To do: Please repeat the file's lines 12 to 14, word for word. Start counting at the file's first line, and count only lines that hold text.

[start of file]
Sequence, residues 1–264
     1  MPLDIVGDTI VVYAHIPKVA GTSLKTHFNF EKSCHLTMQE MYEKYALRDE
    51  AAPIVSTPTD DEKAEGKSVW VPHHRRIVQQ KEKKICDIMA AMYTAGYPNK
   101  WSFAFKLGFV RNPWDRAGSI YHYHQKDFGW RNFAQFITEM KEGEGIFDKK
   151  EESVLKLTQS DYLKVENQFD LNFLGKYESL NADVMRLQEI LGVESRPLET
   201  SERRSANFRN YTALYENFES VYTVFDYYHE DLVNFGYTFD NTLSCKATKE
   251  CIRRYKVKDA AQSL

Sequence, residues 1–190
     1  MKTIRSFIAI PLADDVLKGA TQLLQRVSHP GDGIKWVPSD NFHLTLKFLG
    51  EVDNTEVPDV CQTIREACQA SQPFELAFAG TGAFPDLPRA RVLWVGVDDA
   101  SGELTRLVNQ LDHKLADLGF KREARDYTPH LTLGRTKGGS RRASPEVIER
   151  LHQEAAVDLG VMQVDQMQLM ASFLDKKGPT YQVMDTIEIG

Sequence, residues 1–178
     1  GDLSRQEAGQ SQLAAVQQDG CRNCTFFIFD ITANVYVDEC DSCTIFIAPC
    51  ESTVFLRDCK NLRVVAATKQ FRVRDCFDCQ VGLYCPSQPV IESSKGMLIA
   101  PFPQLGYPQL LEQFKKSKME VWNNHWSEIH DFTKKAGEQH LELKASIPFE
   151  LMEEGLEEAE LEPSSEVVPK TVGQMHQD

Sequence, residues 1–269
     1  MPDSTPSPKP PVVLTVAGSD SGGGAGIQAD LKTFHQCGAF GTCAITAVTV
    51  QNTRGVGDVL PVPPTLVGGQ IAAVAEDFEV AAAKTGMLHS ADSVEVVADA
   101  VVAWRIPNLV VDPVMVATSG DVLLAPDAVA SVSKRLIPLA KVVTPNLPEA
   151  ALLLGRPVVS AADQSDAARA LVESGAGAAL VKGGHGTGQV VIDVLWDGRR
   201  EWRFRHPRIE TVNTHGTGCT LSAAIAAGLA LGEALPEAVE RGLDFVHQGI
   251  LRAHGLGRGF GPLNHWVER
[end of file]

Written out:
   151  LHQEAAVDLG VMQVDQMQLM ASFLDKKGPT YQVMDTIEIG

Sequence, residues 1–178
     1  GDLSRQEAGQ SQLAAVQQDG CRNCTFFIFD ITANVYVDEC DSCTIFIAPC